How to Prevent Existing Varicose Veins from Worsening

Varicose veins don’t always cause problems, but they are usually unsightly, so you may avoid wearing shorts, skirts, or dresses. Although many people with varicose veins have no symptoms, for some, these bulged veins can cause bothersome symptoms like pain, aching, swelling, and skin discoloration. If you currently suffer from issues caused by Upper East Side varicose veins, your first action is to see your primary care physician. In the meantime, the following tips can help prevent your varicose veins from worsening.

Avoid prolonged periods of standing or sitting.

Office workers are at great risk of developing varicose veins due to prolonged hours of sitting or standing. Being in one position for too long makes it harder for blood in your legs to travel against gravity. As a result, pressure in veins increases, which may cause blood to pool around your ankles, feet, and calves. If you work a desk job, take frequent breaks, at least every thirty minutes. Walking around decreases venous pressure and improves blood circulation, preventing the formation of new varicose veins. If your work involves sitting, consider small exercises like bending your knees, stretching your ankles, and peddling your feet.

Make exercise part of your routine.

Your leg muscles help your veins work against gravity to push blood to your heart. Like any other muscle, exercise is necessary to build their strength, allowing them to work effectively. Any exercise that works your leg muscles can help improve blood circulation. Walking is a simple exercise yet the most beneficial one for individuals with varicose veins.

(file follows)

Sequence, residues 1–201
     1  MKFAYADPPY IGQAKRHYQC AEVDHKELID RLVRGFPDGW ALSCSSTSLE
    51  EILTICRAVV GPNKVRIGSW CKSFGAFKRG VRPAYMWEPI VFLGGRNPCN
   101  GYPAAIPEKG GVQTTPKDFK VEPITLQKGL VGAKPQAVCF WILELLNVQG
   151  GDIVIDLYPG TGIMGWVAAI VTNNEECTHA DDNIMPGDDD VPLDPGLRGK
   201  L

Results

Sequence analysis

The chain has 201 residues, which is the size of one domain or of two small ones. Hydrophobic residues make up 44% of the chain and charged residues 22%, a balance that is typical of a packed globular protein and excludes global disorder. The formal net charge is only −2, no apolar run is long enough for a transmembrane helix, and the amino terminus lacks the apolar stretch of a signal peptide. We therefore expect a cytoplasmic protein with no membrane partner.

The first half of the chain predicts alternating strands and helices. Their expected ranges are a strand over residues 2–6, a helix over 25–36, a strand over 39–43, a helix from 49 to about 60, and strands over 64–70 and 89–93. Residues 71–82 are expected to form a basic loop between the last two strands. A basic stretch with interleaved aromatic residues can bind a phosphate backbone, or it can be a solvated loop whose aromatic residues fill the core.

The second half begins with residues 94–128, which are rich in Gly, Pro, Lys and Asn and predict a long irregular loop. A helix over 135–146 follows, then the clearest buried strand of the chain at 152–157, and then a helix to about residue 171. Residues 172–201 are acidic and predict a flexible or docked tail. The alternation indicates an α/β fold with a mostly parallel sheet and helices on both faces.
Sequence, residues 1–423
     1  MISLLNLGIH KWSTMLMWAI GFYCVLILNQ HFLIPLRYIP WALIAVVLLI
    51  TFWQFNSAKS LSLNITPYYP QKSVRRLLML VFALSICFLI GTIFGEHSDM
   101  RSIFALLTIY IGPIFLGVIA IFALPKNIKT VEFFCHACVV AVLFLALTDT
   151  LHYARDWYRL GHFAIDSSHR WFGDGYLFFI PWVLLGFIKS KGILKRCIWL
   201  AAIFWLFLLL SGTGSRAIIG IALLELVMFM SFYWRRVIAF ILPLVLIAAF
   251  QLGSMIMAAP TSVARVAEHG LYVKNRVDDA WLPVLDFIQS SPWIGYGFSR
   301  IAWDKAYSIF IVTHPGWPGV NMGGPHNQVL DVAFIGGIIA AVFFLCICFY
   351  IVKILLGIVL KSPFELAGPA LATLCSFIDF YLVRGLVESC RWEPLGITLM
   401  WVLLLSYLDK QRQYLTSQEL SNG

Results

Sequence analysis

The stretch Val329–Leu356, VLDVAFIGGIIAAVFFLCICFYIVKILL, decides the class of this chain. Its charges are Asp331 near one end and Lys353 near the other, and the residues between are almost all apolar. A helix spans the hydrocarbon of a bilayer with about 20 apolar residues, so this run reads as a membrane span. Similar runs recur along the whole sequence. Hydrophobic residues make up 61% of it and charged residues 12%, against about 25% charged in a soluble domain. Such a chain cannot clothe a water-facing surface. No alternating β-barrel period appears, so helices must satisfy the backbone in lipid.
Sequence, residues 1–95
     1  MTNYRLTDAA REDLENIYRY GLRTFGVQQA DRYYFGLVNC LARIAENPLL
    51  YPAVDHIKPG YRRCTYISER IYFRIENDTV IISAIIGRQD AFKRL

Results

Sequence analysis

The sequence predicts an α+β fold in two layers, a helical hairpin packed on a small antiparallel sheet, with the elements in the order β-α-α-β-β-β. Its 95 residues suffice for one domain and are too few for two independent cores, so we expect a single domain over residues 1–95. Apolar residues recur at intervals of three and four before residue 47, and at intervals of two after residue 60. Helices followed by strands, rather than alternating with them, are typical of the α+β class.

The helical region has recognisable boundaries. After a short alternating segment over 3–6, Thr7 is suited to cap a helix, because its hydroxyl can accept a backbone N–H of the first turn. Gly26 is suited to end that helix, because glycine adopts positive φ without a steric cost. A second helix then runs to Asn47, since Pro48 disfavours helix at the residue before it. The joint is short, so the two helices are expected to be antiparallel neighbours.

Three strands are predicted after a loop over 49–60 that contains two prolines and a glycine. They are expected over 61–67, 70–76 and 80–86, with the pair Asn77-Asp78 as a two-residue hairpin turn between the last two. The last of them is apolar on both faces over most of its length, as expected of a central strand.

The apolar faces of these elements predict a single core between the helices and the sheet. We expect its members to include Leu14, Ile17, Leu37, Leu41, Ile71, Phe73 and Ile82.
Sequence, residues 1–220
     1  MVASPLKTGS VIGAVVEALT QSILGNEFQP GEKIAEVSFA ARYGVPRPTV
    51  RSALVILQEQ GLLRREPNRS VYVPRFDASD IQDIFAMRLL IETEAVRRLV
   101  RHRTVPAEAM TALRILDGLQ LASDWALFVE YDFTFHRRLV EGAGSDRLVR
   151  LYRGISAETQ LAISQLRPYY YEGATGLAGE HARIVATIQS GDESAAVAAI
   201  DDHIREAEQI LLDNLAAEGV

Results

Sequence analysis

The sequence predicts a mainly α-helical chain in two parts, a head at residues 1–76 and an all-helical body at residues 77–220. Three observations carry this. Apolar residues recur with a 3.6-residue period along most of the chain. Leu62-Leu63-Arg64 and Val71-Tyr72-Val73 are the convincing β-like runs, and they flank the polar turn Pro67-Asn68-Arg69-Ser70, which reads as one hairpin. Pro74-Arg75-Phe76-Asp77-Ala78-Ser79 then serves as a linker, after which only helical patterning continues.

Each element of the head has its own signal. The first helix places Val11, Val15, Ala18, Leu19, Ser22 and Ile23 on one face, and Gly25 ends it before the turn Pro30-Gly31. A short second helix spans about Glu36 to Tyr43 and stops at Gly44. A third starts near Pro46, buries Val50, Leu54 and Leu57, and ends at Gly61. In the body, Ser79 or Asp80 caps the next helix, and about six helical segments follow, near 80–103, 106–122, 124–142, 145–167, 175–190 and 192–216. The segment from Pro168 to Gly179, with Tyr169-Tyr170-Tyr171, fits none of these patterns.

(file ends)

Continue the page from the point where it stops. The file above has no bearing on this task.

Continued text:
Yoga poses that elevate your feet higher than your heart are also helpful. Such exercises include a shoulder stand, headstand, and legs-up-the-wall pose. Besides improving blood flow, yoga can helps stretch and tone the deepest muscles in your calves, which to a certain degree, help veins work properly.

Wear compression garments

Some compression stockings are available over the counter – these offer the least pressure and are helpful for people with mild varicose veins. If you have severe symptoms, your doctor may recommend graduated compression stockings; these have the strongest compression at the ankle, which gradually decreases up the leg. Wearing compression stockings helps you have fewer night cramps and also reduces swelling. Depending on your symptoms and other factors, your healthcare provider can help you choose the compression stocking that is best for you.

Make healthy lifestyle adjustments.

Certain risk factors for varicose veins, like family history, sex, age, and pregnancy, are beyond your control. As such, it is important to make healthy lifestyle choices to avoid more damage to your veins. Although some risk factors are beyond your influence, there are some that you can avoid or prevent. For example, being overweight is a controllable risk factor; losing extra pounds and keeping healthy can lower your risk of varicose veins and prevent new ones from forming. You also want to eat a healthy diet consisting of healthy fats, complex carbohydrates, and sufficient protein. Avoid salt-rich foods since sodium encourages water retention, which worsens swelling.

If you need treatment for varicose veins, visit your provider at Upper East Side Cardiology.

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